Ireland's Eye: What's going on in the old sod


Clare's economy badly needs whatever seasonal boost it will get in the next seven weeks, but with the country spooked by a severe recession and with a tough budget looming, there are fears that festive spending will be down.

Several local business people said that while they are expecting a quieter Christmas than other years, they are hopeful it will still offer an important boost to trade.

Traditionally, the festive period is the busiest time of the year for pubs and Gerry Collins, chairman of the Clare branch of the VFI, said he is hopeful this Christmas will be better than 2009, if for no other reason that weather conditions will almost certainly be more favorable.

“Last year there was such bad frost that it killed things. We’re hoping that people will come out this year though,” he said.
However, he doesn’t expect that there will be jobs for more people in Clare pubs.

“I wouldn’t say that many will be taken on. People are struggling to keep what they have employed. They’re just battening down the hatches,” he said.

The county town’s narrow streets are generally crammed with bodies in the week’s leading up to Christmas. Rita McInerney, chief executive of Ennis Chamber, she said it is likely that some seasonal jobs will be created.

“Whatever the climate, things always pick up for Christmas and businesses are looking forward to it. It can make up a big portion of takings for the year, particularly in retail and hospitality, and people who have reduced their workforce during the year will hopefully bring in additional staff,” she said.

Michael Vaughan of the Shannon branch of the Irish Hotels Federation said there hadn’t been a huge demand for Christmas parties in Clare’s hotels.

“It’s a big worry in business because a lot of people seem to have a wait and see approach, due to the severity of the budget. A lot of people are not seeing the volume of inquiries that would have been expected, but people are doing a lot of different things, like offering less expensive packages,” he said.

However, Vaughan said he is hopeful of a late surge. “I would think it will happen in the end but there is more pessimism about it than previously,” he said.
- Clare Champion

One out of every four homes for sale in Kildare is, on average, in a "ghost" estate.

Over 500 homes are lying vacant in 88 ghost estates in Kildare inspected by the National Housing Development Survey commissioned by the Department of Environment (DOE), according to a recent report.

The recent DOE report on ghost estates inspected a total of 88 estates in Kildare, with 8,390 properties that include detached, semi-detached, terrace, duplex and apartments, all falling into this category.

Of those properties, 4,190 are complete and occupied, 563 are completed but lying empty, 241 are near complete with no building activity, 278 are near complete with building activity, and finally construction on a whopping 2,814 has not yet started.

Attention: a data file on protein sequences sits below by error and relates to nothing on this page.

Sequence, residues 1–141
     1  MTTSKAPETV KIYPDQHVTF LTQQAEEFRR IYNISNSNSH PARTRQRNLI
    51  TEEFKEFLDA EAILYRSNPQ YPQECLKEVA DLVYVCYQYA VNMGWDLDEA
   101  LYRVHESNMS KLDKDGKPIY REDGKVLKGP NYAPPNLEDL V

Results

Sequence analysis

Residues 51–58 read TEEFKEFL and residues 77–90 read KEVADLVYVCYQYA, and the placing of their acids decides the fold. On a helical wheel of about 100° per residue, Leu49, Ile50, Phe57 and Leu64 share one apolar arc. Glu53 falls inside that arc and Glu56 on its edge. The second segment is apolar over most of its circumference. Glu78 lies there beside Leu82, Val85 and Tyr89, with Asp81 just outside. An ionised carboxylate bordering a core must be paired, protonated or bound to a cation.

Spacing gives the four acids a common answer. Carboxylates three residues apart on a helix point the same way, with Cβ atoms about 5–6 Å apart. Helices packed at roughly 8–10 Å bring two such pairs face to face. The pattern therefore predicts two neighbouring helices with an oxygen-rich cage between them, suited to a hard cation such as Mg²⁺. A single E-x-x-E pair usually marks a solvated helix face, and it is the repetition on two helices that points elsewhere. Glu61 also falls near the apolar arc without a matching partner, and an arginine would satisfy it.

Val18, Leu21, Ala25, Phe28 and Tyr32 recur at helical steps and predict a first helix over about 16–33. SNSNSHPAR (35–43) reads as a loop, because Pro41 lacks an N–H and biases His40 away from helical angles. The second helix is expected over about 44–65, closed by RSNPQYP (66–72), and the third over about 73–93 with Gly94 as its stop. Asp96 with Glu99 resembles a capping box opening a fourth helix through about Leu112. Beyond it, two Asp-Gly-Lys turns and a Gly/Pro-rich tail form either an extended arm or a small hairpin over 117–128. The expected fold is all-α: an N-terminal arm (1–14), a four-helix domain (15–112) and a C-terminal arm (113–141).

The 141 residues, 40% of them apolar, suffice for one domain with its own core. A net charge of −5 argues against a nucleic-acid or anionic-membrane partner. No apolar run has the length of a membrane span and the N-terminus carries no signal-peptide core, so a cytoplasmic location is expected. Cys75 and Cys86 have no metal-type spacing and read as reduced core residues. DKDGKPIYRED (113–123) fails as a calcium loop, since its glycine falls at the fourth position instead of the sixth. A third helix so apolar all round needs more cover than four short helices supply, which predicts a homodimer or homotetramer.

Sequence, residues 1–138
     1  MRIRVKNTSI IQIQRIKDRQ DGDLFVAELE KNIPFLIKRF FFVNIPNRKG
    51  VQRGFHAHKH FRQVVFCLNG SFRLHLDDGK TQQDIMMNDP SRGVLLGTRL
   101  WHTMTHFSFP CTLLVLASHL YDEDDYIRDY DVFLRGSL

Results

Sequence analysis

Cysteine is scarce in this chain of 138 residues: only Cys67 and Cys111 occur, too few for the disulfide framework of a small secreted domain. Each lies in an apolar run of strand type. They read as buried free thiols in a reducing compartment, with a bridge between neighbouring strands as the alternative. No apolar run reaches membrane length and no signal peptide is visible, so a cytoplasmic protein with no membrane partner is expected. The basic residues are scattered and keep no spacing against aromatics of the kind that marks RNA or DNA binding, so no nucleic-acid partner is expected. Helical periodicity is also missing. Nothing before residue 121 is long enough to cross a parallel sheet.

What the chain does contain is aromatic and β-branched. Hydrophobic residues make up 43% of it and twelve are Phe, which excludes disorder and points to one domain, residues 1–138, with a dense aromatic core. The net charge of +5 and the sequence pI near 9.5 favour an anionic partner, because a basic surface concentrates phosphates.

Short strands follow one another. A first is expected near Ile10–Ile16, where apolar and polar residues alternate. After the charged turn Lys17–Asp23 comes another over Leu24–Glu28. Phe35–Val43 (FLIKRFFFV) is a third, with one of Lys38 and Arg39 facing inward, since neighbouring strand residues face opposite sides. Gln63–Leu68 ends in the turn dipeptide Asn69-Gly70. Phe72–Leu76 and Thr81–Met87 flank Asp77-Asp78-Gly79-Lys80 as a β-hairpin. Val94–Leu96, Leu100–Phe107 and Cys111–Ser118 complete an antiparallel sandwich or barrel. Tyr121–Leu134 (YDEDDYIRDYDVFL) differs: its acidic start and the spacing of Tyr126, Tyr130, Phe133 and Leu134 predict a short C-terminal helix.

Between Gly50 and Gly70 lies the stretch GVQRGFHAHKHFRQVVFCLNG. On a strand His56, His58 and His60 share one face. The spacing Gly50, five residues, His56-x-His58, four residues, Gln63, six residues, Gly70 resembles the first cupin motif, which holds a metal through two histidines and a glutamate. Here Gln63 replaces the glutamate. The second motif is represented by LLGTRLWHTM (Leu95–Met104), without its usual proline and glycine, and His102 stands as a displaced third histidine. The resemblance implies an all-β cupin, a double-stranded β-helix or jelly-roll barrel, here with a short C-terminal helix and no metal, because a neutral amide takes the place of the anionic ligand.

Currently on properties for sale website, there are 2,106 properties listed for sale in Kildare.

Taking that list as representing the minimum number of homes currently on the market, then, on average, one of four homes for sale in Kildare could be in a ghost estate.

The government has since called on Kildare County Council to embrace a new initiative to provide social housing in these ghost estates.

Minister for Housing Michael Finneran last week warned local authorities that he will "find another way" if they do not embrace the government's initiative to provide social housing in ghost estates.
- Leinster Leader

A Lisburn minister has reclaimed a church record for preaching the longest non-stop sermon.

The Reverend Ken McReynolds, rector of Lambeg Parish, preached without a break for five hours 52 minutes on Saturday, October 30, the equivalent of 24 sermons.

The Church of Ireland minister had previously set the record in 2005 with a five-hour sermon, but lost it to an English minister who beat him by 30 minutes.

During his lengthy spell at the pulpit, McReynolds spoke on the principles of living, drawing on the experiences of figures in the Bible.

His wife Dorothy and seven other stalwart parishioners stayed throughout the record attempt, and other members of the congregation did stints to lend moral support.

An hour and a half into his sermon, McReynolds said he started to feel hoarse. His wife went and got him some honey and lemon to ease his throat.

But despite being a genuine record-breaker, the rector will not be featured in the next edition of the Guinness Book of Records as the famous book’s rules would have made it too easy for him.

"They demand you stop for 10 minutes every hour -- if I did that I could have gone on all day -- so it is just an unofficial record within church circles," he said.

McReynolds explained his motivation was to raise funds for Craig Dowling, who is embarking on the church army evangelist training program.